Frito-Lay Going All Natural
Frito Lay – the World’s largest maker of snack foods is going natural – sort of.
More than six dozen varieties of Frito-Lay products will be made with all natural ingredients including all flavors of Lay’sÃ‚® potato chips, TostitosÃ‚® tortilla chips, SunChipsÃ‚® multigrain snacks, Baked! snacks, and Rold GoldÃ‚® pretzels by the end of 2011.
“As the snack food category leader, we have insights that show consumers are seeking a wider range of products made with all natural ingredients. At Frito-Lay North America we want to provide our customers with a broad portfolio of snack options that taste great and are made with real food ingredients,” Ann Mukherjee, senior vice president and chief marketing officer at Frito-Lay, said in a statement.
“Many of the unflavored snacks in our portfolio are already made with all natural ingredients, and we’ve focused on expanding our portfolio of products with all natural ingredients to include more of consumers’ favorite flavored products.”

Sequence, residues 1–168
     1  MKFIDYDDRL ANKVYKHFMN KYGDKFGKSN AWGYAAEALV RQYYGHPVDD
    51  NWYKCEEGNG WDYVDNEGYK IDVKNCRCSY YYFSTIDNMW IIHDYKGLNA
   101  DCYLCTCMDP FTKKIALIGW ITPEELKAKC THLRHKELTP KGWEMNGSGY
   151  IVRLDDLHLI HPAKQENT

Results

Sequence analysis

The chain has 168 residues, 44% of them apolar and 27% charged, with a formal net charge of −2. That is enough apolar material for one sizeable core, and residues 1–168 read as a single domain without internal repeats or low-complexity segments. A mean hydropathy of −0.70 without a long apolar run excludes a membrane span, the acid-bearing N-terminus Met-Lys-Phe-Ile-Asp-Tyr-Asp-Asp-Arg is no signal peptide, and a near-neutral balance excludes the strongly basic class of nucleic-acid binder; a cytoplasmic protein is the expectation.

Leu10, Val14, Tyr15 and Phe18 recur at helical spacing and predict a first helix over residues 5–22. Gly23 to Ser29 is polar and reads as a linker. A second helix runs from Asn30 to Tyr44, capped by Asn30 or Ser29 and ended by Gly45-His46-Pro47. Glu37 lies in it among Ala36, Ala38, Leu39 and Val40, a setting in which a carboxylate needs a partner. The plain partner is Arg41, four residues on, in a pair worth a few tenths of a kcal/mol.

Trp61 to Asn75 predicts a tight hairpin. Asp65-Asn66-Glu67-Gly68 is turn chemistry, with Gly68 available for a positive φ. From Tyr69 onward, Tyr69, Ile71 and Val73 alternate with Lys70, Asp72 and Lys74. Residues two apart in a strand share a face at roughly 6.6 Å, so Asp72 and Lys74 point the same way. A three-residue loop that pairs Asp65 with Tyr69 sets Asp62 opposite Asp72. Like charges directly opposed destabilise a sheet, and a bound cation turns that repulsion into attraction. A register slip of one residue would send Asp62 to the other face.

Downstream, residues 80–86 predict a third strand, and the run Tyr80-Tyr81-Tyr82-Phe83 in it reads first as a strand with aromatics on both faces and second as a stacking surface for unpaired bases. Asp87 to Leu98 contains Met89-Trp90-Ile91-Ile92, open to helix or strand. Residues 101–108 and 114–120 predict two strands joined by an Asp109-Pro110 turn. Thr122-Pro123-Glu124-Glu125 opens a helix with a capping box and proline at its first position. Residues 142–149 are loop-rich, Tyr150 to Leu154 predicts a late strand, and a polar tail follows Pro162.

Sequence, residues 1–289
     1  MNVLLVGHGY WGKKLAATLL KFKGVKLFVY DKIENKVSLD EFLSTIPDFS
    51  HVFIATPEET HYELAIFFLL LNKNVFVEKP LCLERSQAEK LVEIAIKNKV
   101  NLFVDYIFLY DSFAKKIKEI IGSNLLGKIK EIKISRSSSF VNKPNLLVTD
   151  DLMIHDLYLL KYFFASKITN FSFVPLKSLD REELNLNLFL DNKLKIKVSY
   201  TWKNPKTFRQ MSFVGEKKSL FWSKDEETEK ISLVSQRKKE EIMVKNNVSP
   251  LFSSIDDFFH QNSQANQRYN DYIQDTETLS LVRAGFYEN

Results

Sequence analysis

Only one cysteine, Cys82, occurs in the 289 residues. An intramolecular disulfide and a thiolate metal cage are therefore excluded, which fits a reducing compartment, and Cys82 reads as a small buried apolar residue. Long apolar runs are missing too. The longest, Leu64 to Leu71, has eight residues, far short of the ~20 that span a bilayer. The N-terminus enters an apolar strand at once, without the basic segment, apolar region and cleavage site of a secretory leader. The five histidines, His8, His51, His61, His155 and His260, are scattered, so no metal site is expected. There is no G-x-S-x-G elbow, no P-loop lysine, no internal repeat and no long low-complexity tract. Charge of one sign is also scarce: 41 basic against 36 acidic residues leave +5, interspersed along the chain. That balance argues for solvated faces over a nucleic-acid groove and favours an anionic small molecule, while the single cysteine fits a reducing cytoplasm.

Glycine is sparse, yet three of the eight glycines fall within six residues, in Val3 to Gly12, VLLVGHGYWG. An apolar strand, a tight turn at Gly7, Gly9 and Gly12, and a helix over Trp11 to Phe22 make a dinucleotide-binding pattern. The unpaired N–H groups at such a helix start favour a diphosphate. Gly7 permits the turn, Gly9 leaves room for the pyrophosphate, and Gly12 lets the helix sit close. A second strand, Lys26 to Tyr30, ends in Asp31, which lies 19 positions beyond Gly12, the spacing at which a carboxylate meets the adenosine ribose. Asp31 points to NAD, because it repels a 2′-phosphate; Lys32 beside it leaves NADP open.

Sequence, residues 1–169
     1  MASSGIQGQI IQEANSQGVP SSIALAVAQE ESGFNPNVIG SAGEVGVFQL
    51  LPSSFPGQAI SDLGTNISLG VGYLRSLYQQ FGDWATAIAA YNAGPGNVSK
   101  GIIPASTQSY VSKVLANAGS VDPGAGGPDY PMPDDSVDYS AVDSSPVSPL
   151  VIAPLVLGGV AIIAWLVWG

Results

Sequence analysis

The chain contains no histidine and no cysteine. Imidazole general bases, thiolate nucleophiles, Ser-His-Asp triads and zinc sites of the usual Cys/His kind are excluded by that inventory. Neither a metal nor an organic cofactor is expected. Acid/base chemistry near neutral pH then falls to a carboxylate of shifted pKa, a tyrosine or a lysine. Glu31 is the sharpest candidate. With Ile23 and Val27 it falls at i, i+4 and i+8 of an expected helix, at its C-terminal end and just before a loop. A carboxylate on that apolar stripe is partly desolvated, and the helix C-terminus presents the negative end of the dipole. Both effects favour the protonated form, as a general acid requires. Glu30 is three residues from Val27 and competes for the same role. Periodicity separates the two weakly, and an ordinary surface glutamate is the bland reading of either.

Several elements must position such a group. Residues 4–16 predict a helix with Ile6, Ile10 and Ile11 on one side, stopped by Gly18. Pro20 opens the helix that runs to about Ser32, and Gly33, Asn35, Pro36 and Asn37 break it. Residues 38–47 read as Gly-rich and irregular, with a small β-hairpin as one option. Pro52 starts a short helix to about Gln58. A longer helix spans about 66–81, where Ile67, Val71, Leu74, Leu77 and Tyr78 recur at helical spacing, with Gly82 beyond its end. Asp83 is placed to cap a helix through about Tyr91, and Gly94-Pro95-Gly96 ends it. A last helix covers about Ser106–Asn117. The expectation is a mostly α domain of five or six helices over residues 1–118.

Frito-Lay’s seasoning professionals and chefs at the Frito-Lay Flavor KitchenÃ¢“¢ turn culinary inspiration into great tasting snacks like Lay’s regionally-inspired flavors, such as Tangy Carolina BBQ and Garden Tomato & Basil. The Frito-Lay seasoning professionals created the new seasonings for the products made with all natural ingredients.
But don’t look for major changes anytime soon in artificially flavor-laden Cheetos or Doritos. The company says it just can’t make Cheetos or Doritos without artificial flavors – but in this test kitchen, they’re working on it.
Kelly Brownell, director of the Rudd Center for Food Policy and Obesity at Yale University, is ridiculing Frito-Lay’s action.
“They’ll get more PR mileage out of this than any real change,” she told Bruce Horovitz at USA TODAY.
“The public health consequences from consuming those foods isn’t related to natural ingredients, but to high fat and high salt.”
On New Year’s Day, Frito-Lay will kick off its largest-ever integrated ad campaign to tout the changes. It will use its own employees in ads to tell the tale. Packaging will be updated with a large burst that touts: “Made With All-Natural Ingredients.”
Brownell worries that confused consumers might misunderstand these changes as “code language” that it’s OK to eat even more chips.
“It’s meant to say: made with natural ingredients,” Mukherjee says. “It’s not meant to say: eat more.”
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